Husain also emphasizes that Hamas is both a terrorist organization and something more:

Hamas had a wide network of schools, financiers, mosques, makeshift hospitals, readily available doctors, banking services, and support for orphans and widows. We in the West deem Hamas a terrorist organization. Yes, one part of it is committed to terrorism, killing innocent civilians in the pursuit of political aims, but we are mistaken if we continue to limit our definition by one aspect of Hamas.

Unless we better understand Hamas, we cannot help halt the killings of Israelis and Arabs in the Middle East. Hamas is not a monolith, nor is it only a terrorist group: It is a social movement, with a mass membership, a popular message of resistance that resonates across the Muslim world, and a political party with which we must negotiate. [ .. ]

In the end, Israel has limited options. Peace is not possible without Hamas, and Hamas is not a simple terrorist outfit. Its political arm, its leadership inside and outside Gaza, despite their tensions, are open to indirect talks with Israel.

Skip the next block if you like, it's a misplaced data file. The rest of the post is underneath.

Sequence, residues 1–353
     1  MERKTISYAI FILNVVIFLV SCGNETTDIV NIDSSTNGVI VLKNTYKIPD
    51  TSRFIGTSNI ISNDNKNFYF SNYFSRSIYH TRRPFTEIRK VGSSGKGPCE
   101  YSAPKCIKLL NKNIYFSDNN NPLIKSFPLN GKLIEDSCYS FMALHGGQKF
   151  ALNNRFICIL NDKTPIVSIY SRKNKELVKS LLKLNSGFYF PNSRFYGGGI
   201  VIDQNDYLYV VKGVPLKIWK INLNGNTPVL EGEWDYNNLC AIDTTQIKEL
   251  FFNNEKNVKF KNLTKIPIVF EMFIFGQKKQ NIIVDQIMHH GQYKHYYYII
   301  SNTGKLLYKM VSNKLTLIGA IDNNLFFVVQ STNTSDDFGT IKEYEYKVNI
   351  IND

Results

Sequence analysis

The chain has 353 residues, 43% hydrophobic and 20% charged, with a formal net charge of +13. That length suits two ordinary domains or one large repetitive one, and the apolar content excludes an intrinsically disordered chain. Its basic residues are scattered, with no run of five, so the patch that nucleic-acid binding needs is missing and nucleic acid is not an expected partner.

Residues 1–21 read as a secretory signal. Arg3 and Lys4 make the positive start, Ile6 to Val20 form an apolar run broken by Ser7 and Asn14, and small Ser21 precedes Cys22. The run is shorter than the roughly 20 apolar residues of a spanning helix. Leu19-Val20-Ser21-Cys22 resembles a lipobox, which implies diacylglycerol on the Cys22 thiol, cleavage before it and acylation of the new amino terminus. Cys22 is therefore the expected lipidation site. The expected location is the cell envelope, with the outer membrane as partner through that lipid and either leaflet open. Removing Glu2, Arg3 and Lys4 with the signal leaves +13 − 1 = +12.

Atran, too, sees the possibility of a path to peace, albeit a slow and troubled one:

After pain and spleen are vented over years, grudging accommodation can emerge to stop the killing even if dreams of triumph endure.

Further, both men invoke the example of reconciliation in Northern Ireland, Atran writing:

Still, wars truly end when one side is obliterated or when enemies become nonenemies. For the latter, enemies first must talk. After spleens are vented, over years if necessary, as happened in Northern Ireland, enough grudging accommodation can emerge to stop the killing even if dreams of triumph endure. To succeed, such a process requires persistence, with strong international backing and policing.

and Husain:

Just as the British and American governments negotiated peace in Northern Ireland by reaching out to IRA terrorists through their political wing of Sinn Fein, we must tame Hamas through politics, not the failed strategy of war. [ .. ]

Hamas must be brought in. Almost 2 million people in Gaza need our support. If we fail to bring in Hamas and create a sustained peace that leads to prosperity for Palestinians and Israelis, then we must prepare for an enemy who is worse: Salafi Jihadis. And with Gaza, the popularity of the Salafi Jihadi message will spread far and wide.